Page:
The Regulatory Accountability Act of 2017 (the "Act"), passed by the House on January 11, 2017, would eliminate the deference courts give to agency regulations, including Internal Revenue Service ("IRS") regulations. In Chevron, U.S.A. Inc. v. Natural Resources Defense Council Inc., 467 U.S. 837 (1984), the Supreme Court held that a court cannot overrule an agency regulation under an ambiguous statute unless it is "arbitrary or capricious in substance, or manifestly contrary to the statute." Moreover, under Chevron, a court is required to give deference to an agency's interpretation. This so-called "Chevron deference" allows agencies, including the IRS, to issue interpretive regulations with a high threshold for challenge. The Act would modify a number of the rules surrounding the Administrative Procedure Act, including replacing "Chevron deference" with a de novo review of regulations. If the Act were to become law, taxpayers would have greater opportunity to argue that IRS regulations should be overturned.



Section 871(m) is the Code provision that treats "dividend equivalents" paid under certain contracts as dividends from sources within the Unites States and therefore subject to U.S. withholding tax if paid to a non-U.S. person. The current guidance on section 871(m) exists in three places: (1) the final regulations from September 2015;6 (2) Notice 2016-76 (the "Notice") from December 2016,7 which announces changes to the final regulations; and (3) the final qualified intermediary agreement from December 2016, found in Rev. Proc. 2017-15, which implements and expands on Notice 2016-76 regarding the withholding tax liability of qualified derivatives dealers ("QDDs"). For practical purposes, the main takeaways for dividend equivalent withholding generally from the December guidance are threefold. First, the effective date for the application of section 871(m) is January 1, 2017, for delta-one instruments but will be delayed until January 1, 2018, for non-delta-one instruments. Second, QDDs are no longer exempt from withholding on dividends received on physical shares. Third, a QDD will not be liable for withholding tax on dividends paid to the QDD on physical shares or on dividend equivalents the QDD receives in its capacity as an equity derivatives dealer in 2017.8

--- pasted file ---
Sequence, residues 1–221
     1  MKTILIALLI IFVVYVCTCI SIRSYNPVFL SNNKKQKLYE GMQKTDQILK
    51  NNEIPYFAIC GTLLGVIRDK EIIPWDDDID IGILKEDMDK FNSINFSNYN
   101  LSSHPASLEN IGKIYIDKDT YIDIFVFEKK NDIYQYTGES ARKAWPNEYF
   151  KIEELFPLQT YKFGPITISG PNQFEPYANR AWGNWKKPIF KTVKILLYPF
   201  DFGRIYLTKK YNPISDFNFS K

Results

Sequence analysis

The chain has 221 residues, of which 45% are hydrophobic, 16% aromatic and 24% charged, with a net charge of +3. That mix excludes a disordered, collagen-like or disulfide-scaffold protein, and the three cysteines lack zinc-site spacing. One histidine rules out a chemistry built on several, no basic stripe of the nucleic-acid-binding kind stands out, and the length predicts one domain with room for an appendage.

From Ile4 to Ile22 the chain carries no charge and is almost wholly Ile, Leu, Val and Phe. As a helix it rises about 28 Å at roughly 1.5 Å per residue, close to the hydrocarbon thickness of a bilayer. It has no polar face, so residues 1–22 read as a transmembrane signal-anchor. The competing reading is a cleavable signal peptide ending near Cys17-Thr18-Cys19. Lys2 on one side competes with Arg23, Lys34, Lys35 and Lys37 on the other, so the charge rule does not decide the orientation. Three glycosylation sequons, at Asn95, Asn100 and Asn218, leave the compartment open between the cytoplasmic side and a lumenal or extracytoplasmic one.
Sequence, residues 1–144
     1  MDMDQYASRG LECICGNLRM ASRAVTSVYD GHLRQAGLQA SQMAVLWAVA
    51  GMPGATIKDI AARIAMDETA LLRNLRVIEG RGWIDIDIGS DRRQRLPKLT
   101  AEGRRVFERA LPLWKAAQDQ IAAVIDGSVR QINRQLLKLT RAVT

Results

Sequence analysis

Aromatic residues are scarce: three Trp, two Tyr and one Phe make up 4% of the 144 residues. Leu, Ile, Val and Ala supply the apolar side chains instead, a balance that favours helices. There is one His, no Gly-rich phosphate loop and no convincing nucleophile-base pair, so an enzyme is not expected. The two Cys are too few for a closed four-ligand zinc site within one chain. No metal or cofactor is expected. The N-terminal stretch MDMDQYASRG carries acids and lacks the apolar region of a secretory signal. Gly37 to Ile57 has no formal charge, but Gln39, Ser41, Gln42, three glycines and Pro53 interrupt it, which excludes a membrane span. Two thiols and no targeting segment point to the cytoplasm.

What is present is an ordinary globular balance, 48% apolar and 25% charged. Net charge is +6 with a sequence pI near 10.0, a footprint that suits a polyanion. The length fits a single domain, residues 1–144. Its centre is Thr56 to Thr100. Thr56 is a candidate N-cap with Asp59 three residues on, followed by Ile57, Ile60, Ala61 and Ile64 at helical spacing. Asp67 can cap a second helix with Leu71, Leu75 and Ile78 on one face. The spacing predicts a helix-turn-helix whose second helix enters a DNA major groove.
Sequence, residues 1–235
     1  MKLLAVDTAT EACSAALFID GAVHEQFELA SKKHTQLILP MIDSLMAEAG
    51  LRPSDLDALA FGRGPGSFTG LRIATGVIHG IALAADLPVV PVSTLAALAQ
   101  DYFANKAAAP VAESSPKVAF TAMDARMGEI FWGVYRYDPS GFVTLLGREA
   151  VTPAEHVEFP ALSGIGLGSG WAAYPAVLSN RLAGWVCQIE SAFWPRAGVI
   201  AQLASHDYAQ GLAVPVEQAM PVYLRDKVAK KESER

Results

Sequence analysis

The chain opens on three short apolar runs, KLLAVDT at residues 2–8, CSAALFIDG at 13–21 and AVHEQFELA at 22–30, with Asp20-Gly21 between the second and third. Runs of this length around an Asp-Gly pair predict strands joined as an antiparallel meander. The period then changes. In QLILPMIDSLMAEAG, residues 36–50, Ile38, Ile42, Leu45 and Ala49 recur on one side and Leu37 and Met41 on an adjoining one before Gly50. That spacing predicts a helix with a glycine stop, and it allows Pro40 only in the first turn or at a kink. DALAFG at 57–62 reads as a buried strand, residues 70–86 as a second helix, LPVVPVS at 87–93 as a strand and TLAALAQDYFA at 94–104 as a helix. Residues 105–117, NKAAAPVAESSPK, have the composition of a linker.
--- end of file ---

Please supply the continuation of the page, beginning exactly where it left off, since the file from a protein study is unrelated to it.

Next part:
The Notice indicates that the section 871(m) regulations will continue to apply beginning January 1, 2017, to any payment with respect to a potential 871(m) transaction that has a delta of one, including combined transactions; however, 2017 will be a phase-in year for such transactions. As for non-delta-one transactions, the Notice announces the IRS's intent to amend the section 871(m) regulations so that the regulations will not apply to payments made with respect to any non-delta-one transaction before January 1, 2018, and 2018 will also be a phase-in year for these non-delta-one transactions. When enforcing the section 871(m) regulations for the applicable phase-in years, the Notice states the IRS will afford relief to taxpayers or withholding agents who have made a good faith effort to comply with the regulations.